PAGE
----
“The Secret Service supported about 6,000 protected visits last year for the president or former presidents,” said Pierson, chief of staff to the agency director. She said the agency also screened more than a million people through magnetometers, and arrested more than 9,000 individuals for counterfeiting and financial crimes.
“As an organization, we stay very busy,” she said. “Our information technology networks need to be as robust as possible.”
To improve its technological capabilities, the agency will spend an estimated $250 million during the next five years to bring networks, communications and applications into the 21st century. The modernization will give the Secret Service the ability to look at its data more comprehensively and carry out its responsibilities more efficiently, Pierson said.
Pierson is the right person for the job, said Paul Morrissey, assistant director, Office of Government and Public Affairs.
“She brings a wealth of operational and managerial experience as chief of staff,” he said. In the past, she has held executive positions at the agency overseeing administration, budgeting, protective operations and procurement.
“She’s hit every position on the way up to the chief of staff, in four of the eight directorates, which is absolutely amazing,” Morrissey said.
Those assignments have provided Pierson with the unique opportunity to understand the systems supporting the mission, and she knows the technology update is sorely needed.
Currently, if the president travels to New Hampshire, the agency brings agents from New York, Boston and New Jersey to bolster protective capabilities. But to plan and schedule the event,
Pierson must work through three disparate systems to find and assign special agents, officers and the specialists who do explosive detection and chemical and biological work.
“Imagine doing that 6,000 times a year with three systems,” Pierson said.
Under the technology upgrade, the agency will integrate its three data systems so the Secret Service can have a better view of all the resources available for each assignment and can identify operational trends and forecast future mission requirements.
“It’s about sharing information and getting it out to the appropriate agents so they can do their job in a sufficient manner,” said Morrissey.
Agents chosen for assignments need security and logistics skills and language ability when in non-English speaking countries. Specialists travel in advance to replicate the security the president has at the White House complex.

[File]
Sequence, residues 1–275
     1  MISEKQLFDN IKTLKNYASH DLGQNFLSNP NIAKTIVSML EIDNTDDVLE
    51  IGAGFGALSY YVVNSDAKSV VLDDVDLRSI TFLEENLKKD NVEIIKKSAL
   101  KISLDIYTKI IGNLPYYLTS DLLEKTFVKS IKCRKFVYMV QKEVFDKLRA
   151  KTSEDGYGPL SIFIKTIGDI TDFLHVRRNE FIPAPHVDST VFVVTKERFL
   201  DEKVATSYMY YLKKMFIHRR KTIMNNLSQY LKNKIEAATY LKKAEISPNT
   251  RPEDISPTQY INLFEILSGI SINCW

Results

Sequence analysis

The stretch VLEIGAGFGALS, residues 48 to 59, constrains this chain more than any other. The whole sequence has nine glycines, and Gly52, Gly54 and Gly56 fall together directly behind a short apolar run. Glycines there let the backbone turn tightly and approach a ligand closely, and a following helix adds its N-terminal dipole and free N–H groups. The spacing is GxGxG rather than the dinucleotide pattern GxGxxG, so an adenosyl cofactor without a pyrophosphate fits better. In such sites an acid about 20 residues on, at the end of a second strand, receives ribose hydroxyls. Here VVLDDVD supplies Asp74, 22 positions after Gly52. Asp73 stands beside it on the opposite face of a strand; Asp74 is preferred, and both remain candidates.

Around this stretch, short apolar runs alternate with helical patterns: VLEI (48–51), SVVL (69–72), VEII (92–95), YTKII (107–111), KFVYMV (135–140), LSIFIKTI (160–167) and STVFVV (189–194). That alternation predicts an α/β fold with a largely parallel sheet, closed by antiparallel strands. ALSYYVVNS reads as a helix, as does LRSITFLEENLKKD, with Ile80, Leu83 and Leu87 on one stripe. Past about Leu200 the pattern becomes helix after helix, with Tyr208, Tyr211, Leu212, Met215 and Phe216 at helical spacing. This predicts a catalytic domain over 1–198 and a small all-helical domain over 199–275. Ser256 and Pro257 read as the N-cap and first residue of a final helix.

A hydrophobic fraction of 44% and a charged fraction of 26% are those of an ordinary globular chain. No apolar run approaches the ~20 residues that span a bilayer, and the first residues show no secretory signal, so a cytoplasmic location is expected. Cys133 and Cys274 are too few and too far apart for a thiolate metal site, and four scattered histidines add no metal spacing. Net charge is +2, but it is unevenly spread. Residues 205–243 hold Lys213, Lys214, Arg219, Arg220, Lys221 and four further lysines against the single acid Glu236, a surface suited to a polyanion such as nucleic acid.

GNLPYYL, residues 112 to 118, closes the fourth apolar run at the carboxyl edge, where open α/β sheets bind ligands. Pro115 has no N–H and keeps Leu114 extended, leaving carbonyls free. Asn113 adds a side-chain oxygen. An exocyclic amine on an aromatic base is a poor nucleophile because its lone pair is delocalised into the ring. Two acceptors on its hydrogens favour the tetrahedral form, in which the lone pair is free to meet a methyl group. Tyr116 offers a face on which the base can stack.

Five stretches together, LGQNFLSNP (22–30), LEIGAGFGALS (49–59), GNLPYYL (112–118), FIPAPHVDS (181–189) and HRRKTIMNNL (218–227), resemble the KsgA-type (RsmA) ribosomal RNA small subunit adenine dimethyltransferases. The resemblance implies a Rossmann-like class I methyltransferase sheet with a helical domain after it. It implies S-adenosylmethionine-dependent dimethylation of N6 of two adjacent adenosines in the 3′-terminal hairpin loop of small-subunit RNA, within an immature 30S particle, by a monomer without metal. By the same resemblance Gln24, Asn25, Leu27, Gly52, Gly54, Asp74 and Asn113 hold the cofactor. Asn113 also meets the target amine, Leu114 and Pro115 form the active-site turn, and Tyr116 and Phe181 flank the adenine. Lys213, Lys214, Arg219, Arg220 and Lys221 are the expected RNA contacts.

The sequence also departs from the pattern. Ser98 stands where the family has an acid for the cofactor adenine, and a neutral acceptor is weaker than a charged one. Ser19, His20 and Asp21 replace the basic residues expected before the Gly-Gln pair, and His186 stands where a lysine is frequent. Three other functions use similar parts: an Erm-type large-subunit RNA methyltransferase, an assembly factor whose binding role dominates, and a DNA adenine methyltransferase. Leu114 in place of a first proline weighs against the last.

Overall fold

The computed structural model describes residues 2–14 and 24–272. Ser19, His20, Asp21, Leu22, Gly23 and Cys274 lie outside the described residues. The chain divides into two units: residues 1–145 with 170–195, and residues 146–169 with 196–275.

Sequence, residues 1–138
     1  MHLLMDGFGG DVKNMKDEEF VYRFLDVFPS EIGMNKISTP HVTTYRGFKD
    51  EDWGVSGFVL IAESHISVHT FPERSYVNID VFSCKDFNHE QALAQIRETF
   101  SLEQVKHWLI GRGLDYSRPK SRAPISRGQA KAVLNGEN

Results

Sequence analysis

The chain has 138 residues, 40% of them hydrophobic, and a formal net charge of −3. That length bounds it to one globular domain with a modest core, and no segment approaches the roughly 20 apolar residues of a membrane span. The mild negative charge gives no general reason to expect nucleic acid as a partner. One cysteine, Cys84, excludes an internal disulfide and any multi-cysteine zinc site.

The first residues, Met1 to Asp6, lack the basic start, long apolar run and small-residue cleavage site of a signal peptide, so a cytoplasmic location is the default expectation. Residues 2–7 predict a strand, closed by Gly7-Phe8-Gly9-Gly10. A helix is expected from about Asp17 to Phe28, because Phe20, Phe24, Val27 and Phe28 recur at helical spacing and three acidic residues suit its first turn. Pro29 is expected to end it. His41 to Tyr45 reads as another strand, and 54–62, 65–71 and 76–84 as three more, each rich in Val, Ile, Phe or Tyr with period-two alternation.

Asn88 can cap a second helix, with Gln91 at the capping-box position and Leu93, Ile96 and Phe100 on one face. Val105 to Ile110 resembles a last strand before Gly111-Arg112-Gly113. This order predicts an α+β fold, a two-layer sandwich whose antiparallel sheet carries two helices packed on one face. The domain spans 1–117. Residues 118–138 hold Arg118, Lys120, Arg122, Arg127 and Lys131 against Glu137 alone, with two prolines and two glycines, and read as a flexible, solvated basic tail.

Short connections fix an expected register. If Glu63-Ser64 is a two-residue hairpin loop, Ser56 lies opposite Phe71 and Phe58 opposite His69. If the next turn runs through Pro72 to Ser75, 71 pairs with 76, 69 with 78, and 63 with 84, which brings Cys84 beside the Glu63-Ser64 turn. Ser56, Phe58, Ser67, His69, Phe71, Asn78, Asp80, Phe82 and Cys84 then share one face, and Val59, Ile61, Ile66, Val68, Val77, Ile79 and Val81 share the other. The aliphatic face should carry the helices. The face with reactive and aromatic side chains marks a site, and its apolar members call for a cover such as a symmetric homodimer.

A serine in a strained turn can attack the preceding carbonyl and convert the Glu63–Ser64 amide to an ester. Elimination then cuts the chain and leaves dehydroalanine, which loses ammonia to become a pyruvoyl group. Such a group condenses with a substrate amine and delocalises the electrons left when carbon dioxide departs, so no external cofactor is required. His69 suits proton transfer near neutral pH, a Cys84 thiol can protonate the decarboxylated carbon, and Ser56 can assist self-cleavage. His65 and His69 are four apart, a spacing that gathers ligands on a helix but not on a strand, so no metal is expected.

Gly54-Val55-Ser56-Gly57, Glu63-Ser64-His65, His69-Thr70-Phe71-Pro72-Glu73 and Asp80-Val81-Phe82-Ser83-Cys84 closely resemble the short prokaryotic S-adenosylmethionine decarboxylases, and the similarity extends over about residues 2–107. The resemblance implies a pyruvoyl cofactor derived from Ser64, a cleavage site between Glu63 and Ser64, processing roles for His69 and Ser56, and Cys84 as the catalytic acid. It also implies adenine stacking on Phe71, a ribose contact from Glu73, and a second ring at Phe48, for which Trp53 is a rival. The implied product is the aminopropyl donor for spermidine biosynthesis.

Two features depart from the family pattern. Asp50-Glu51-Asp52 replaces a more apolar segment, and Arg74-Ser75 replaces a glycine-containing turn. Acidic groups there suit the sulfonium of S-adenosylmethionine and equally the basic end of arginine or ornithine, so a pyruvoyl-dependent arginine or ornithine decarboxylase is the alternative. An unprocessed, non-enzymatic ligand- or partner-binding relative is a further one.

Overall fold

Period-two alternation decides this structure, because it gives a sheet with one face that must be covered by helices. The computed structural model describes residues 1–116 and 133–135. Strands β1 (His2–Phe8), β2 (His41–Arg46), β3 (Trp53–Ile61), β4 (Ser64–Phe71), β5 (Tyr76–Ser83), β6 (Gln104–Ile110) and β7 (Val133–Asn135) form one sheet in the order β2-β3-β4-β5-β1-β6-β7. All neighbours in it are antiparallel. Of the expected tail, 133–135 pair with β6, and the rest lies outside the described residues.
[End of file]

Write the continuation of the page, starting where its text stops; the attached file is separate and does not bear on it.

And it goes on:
“I don’t think people realize the amount of preparation that goes into a presidential visit, everything from where the president is going to physically arrive, whether by airplane or limousine, to the actual event site,” Pierson said.
“We need to know where he’ll walk, where he’ll wait, where he’ll speak from and all have to be evaluated by the Secret Service to secure his safety,” she said.
While the protective arm of the Secret Service is well known, the agency originally was created to do investigative work. It was founded in 1865 by President Abraham Lincoln to combat rampant currency counterfeiting. It wasn’t until after 1901, in the wake of President William McKinley’s assassination, that the Secret Service was directed to take on the job of protecting the president.
The crime-fighting work remains an important part of the mission and the agency continues to fight counterfeiting and other financial crimes, much of it done via computer.
In the old days, criminals could only rob bricks-and-mortar banks and might forge a check with a pen, Pierson said. Now, someone who steals an individual’s personal information could take over the victim’s bank account in cyberspace.
“That would be devastating to the person as well as the banking industry, for people to lose confidence in using the Internet for banking activities,” she said.
Pierson joined the Secret Service out of college after working as a police officer in Orlando while still a student. She first got interested in her career while in high school after joining a co-ed program of the Boy Scouts called the Law Enforcement Exploring program.
She particularly enjoyed her time as a special agent, when each day was different from the one before.
“Assignments are often diverse and spontaneous,” she said. “If you’re in a field office, you could be doing a criminal investigation in the morning and in the afternoon you’re protecting the president of the United States. There’s a little bit of adrenaline in there too.”
This article was jointly prepared by the Partnership for Public Service, a group seeking to enhance the performance of the federal government, and washingtonpost.com. Go to http://washingtonpost.com/wp-srv/politics/fedpage/players/ to read about other federal workers who are making a difference.